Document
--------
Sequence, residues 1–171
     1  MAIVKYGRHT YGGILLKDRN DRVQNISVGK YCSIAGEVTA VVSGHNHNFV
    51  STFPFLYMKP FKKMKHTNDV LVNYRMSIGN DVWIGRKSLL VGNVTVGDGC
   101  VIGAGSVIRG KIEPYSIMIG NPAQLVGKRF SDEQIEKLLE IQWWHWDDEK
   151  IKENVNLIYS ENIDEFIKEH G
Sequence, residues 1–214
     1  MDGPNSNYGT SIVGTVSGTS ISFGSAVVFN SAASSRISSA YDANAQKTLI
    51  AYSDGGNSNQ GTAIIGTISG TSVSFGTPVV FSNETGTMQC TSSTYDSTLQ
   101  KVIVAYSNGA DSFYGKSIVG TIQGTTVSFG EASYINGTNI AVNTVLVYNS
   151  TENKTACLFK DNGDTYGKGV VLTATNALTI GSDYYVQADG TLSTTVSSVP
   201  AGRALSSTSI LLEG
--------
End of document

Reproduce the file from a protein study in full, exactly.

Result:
Sequence, residues 1–171
     1  MAIVKYGRHT YGGILLKDRN DRVQNISVGK YCSIAGEVTA VVSGHNHNFV
    51  STFPFLYMKP FKKMKHTNDV LVNYRMSIGN DVWIGRKSLL VGNVTVGDGC
   101  VIGAGSVIRG KIEPYSIMIG NPAQLVGKRF SDEQIEKLLE IQWWHWDDEK
   151  IKENVNLIYS ENIDEFIKEH G
Sequence, residues 1–214
     1  MDGPNSNYGT SIVGTVSGTS ISFGSAVVFN SAASSRISSA YDANAQKTLI
    51  AYSDGGNSNQ GTAIIGTISG TSVSFGTPVV FSNETGTMQC TSSTYDSTLQ
   101  KVIVAYSNGA DSFYGKSIVG TIQGTTVSFG EASYINGTNI AVNTVLVYNS
   151  TENKTACLFK DNGDTYGKGV VLTATNALTI GSDYYVQADG TLSTTVSSVP
   201  AGRALSSTSI LLEG